Thursday, November 11, 2010

Appeasement

Spirit houses guard homes and business places in Cambodia from evil spirits. By standard definition, Cambodia is listed as a Buddhist nation; however, animism is a more appropriate listing. Disembodied spirits and dead relatives float in and out of daily life. Spirit houses keep them from haunting homes and marketplace transactions. To appease the spirits, residents deposit food and spices into the opening of the spirit habitats and hope for the best.

Religious practice there spills into daily business. Appeasement is a mode of survival. Beggars beg until appeased. Peddlers peddle until appeased. Voices of poverty cry until relief organizations come in and appease. Police randomly patrol the streets until appeased. Government officials horde and hide and occasionally build a park to appease.

The driving force behind an appeasement culture is fear: fear of spirits; fear of death; fear of hunger; fear of a night without Agkor beer.

I do the same thing. In the morning my children ask for candy; I say no. They ask again; I say no again. They ask again, afraid they may not get their sugar fix. I appease; I fear my children will drive me mad with their incessant pleas for candy, and I just want to pour myself a bowl of cereal.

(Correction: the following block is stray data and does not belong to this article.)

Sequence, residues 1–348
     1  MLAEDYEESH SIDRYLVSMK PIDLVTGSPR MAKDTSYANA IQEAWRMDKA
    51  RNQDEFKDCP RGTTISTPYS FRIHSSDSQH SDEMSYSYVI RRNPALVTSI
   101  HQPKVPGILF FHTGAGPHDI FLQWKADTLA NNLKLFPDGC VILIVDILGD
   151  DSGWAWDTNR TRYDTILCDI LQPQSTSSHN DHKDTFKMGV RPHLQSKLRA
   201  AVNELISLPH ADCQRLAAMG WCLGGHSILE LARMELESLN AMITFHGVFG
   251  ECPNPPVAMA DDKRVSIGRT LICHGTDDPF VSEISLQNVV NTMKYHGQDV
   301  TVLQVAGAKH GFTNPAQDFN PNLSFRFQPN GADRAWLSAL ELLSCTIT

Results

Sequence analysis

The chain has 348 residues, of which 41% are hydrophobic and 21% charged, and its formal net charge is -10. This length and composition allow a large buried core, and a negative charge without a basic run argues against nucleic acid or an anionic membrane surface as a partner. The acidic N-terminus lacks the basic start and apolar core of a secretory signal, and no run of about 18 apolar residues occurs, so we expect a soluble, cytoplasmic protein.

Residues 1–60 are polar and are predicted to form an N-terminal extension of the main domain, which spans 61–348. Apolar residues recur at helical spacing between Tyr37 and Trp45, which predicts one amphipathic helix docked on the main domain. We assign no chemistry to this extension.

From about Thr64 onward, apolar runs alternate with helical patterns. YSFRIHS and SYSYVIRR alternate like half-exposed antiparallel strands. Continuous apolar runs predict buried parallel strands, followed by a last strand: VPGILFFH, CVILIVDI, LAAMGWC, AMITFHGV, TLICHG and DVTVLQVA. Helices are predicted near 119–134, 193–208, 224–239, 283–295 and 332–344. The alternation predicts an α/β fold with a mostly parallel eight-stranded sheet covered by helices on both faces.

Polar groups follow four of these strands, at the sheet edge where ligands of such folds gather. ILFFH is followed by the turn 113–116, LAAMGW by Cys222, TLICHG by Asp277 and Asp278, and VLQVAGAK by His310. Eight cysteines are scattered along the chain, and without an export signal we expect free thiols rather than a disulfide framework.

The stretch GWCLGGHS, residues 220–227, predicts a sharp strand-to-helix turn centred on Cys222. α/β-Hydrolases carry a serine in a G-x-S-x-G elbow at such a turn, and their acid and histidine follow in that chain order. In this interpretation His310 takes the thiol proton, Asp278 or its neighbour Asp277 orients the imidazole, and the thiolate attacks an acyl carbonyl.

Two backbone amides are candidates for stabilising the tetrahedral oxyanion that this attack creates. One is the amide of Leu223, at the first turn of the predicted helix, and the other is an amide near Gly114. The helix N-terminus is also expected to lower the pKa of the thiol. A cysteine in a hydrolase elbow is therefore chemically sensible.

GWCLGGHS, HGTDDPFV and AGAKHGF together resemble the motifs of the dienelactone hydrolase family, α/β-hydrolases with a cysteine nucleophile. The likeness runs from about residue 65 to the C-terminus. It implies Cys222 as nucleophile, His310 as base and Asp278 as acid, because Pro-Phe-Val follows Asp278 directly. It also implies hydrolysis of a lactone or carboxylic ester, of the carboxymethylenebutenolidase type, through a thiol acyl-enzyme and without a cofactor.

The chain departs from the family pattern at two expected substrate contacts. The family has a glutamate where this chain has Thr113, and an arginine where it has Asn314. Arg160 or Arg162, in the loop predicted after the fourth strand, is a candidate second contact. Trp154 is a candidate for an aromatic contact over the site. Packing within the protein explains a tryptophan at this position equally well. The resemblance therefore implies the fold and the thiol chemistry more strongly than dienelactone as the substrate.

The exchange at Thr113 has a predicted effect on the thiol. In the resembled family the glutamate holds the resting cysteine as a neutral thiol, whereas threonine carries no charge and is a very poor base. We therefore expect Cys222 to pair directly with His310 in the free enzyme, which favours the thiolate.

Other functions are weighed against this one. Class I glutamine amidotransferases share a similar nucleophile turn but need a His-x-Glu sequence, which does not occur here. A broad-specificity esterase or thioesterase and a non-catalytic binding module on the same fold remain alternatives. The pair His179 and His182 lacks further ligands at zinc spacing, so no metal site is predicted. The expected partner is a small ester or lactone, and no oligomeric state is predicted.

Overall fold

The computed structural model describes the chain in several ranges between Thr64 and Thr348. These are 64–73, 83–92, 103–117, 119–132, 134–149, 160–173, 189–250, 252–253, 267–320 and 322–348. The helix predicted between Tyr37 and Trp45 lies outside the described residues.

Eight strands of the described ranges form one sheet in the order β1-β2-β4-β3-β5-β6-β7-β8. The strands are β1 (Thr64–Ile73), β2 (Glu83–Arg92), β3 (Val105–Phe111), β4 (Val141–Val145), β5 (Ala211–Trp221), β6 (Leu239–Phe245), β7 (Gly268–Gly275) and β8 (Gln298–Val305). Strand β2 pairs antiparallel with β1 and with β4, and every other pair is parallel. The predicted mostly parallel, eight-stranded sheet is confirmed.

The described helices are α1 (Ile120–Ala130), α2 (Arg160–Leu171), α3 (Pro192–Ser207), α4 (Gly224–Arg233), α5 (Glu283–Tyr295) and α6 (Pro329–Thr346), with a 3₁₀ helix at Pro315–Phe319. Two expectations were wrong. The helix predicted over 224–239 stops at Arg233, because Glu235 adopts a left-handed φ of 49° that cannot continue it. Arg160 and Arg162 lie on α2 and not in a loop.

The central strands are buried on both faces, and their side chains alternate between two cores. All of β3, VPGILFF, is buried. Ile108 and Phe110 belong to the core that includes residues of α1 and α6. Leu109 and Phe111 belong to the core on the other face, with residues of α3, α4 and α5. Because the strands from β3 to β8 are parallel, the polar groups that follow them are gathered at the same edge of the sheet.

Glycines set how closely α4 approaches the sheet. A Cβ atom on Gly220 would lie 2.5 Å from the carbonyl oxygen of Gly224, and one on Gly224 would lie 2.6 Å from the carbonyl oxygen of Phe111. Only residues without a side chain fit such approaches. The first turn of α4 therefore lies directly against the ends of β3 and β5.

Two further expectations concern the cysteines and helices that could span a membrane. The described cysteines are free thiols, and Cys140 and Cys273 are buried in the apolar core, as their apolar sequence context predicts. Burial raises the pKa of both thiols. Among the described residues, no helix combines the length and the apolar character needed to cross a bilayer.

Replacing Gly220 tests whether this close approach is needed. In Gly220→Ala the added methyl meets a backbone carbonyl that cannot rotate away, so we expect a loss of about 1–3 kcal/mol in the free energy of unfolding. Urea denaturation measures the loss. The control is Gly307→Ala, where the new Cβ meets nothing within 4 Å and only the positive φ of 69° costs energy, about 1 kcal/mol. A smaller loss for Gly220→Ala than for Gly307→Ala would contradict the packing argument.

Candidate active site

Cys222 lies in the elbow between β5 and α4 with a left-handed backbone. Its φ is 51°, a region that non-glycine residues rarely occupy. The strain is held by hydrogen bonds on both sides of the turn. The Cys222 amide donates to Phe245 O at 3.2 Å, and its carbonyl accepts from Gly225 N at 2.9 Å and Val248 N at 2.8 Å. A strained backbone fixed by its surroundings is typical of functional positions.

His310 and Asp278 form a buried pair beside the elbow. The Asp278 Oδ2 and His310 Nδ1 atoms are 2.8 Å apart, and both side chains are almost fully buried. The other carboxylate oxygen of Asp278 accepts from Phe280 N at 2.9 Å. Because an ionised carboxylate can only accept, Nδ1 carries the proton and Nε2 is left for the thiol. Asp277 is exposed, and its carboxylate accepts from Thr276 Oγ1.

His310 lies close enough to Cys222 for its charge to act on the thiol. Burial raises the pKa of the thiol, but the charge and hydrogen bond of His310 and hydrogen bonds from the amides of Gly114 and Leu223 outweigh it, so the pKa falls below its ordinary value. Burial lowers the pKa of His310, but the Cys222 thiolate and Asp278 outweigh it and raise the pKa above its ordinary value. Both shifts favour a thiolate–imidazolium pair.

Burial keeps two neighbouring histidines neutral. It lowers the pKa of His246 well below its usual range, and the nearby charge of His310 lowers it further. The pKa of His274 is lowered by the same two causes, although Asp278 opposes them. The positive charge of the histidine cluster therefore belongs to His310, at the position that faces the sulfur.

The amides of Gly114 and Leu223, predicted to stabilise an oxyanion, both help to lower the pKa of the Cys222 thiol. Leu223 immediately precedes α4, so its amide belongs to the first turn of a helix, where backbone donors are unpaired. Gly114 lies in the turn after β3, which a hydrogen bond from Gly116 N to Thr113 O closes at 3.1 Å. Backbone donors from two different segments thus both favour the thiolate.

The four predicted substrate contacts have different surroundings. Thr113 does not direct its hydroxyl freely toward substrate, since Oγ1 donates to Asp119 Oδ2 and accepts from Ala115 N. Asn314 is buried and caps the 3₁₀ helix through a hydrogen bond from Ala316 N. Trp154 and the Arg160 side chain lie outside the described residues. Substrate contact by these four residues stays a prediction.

Unfortunately, appeasement does not solve problems, it merely prolongs them. Appease one child selling bookmarks at a premium discount of one dollar (every item was one USD), and five others will come knocking. Appease two children begging for Skittles, and cavities and emotional meltdowns are around the corner. The peddler learns his tactic works; the child learns that her whining produces; the appeaser learns that giving in keeps people away. But no one learns healthy engagement.



Enough conversations with people about their view of God have convinced me that Christians embrace an appeasement theology. God is not happy with me. God will judge me harshly. God cannot forgive me, they surmise. Perhaps a little more church, a little more Bible, a little more prayer, a little more service, and I can avert His wrath.

But God does not need appeased. Jesus did that work. Rather than keeping God at a distance, we are to accept Him. "Receive the Holy Spirit," Jesus says (John 20:22). "Become the Spirit's house," Paul echos (1 Cor. 6:19). With His abiding presence, we can live fearlessly--engaging God and neighbor.

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Cambodia Update 4 of 5

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